Ironically, Kolko writes, contrary to the consensus of historians, it was not the existence of monopoly which caused the federal government to intervene in the economy, but the lack of it. Innovative entrepreneurs found ways to win customers and take market share from incumbent firms. A strategy of mergers and acquisitions failed to stem that challenge. Competition was unacceptable to many key business and financial leaders, and the merger movement was to a large extent a reflection of voluntary, unsuccessful business efforts to bring irresistible trends under control. hellip;As new competitors sprang up, and as economic power was diffused throughout an expanding nation, it became apparent to many important businessmen that only the national government could [control and stabilize] the economy, Kolko writes.

This is the origin of the Progressive-Era reforms: the Interstate Commerce Commission, Federal Reserve, Federal Trade Commission, and most of the rest of the new regulatory state. Well-connected corporate leaders favored measures that would cartelize their industries and inhibit competition in the manner of FDR's later, short-lived National Recovery Administration. (Many of the same business leaders applauded the New Deal. See America's Engineer.) Centralized government supervision of industry, finance, and agriculture, which those business leaders reasonably expected to influence, was vastly preferable to both laissez faire and state-level regulation.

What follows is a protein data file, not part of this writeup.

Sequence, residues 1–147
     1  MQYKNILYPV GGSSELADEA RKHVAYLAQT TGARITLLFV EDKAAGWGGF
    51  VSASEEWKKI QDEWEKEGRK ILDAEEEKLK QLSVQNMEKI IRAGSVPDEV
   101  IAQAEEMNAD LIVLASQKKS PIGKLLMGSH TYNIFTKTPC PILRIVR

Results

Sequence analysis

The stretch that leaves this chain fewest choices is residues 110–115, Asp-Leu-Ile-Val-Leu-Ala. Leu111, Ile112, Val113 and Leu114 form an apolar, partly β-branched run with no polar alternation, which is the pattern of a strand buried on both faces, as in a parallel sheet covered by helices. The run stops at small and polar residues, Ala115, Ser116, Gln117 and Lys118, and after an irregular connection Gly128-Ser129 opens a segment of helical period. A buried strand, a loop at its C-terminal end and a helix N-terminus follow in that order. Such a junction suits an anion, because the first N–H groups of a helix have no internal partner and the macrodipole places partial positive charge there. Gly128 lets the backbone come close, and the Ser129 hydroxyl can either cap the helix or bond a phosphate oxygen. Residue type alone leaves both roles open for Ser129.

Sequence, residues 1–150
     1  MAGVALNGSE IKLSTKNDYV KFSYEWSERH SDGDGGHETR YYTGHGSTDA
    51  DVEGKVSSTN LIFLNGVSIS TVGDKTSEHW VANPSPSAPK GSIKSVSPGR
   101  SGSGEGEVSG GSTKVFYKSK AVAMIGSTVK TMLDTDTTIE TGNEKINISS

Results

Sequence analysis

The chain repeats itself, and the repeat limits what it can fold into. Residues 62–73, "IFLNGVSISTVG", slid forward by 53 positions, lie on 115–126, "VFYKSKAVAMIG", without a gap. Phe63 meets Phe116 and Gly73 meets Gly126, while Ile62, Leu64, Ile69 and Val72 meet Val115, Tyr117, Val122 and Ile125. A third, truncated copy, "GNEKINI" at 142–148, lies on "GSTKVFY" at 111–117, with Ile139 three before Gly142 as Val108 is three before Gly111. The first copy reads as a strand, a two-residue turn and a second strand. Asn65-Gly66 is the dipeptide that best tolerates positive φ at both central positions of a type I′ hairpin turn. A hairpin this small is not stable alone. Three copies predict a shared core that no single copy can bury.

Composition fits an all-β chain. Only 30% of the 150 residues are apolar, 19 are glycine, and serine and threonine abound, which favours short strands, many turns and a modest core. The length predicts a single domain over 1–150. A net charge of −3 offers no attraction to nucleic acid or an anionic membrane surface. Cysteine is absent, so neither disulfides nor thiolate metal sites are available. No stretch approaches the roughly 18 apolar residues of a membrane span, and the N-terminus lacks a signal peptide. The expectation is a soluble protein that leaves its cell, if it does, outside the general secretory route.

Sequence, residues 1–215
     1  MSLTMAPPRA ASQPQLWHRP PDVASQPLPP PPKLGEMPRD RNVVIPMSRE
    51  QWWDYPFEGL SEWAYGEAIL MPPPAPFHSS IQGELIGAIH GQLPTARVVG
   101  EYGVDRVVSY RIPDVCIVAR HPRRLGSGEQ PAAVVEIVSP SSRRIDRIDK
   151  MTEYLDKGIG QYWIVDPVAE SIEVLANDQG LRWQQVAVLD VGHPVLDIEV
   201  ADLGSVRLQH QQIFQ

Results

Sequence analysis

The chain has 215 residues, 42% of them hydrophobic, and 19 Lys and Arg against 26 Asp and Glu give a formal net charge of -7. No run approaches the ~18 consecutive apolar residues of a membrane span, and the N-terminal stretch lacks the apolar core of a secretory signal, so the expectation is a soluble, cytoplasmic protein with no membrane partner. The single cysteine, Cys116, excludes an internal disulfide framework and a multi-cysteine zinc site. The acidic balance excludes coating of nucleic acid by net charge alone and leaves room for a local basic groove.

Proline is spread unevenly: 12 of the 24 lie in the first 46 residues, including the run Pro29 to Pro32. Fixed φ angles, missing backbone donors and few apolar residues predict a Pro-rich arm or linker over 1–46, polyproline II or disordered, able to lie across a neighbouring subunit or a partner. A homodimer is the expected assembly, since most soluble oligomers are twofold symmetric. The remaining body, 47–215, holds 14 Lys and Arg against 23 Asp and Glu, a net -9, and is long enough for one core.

Readers of Atlas Shrugged can gain valuable insights into this process, and for that we have one more reason to praise Rand's novel.

The biggest threat today is not from communism or state socialism or even terrorism. No one in America is proposing to nationalize industry or collectivize agriculture. The threat is from the concentration of power in the hands of pedestrian centrist politicians on the pretext of national and economic security. This has a powerful corporatist element that must not be overlooked. For example, all the so-called top-tier presidential candidates favor a comprehensive energy policy designed to cut back the use of imported oil and to stimulate development of alternative fuels. Who stands to gain most from the subsidies, tax preferences, and market manipulations that will constitute such a policy? You guessed it. The energy companies, which have never stood on their own, independent of government. And who is pushing hard for deeper government intervention in medicine and pensions? Big corporations, which are competitively burdened by the obligations they've taken on over the years. Who will stake these beneficiaries? Consumers, workers, and net taxpayers.

The message of Atlas Shrugged is that human creativity and the good life it provides require freedom and that state coercion, always justified in terms of self-sacrifice, is contrary to our rational interests. If you haven't already done so, read the book. Then join the struggle for freedom, free markets, and peace.


  • Sheldon Richman is the former editor of The Freeman and a contributor to The Concise Encyclopedia of Economics. He is the author of Separating School and State: How to Liberate America's Families and thousands of articles.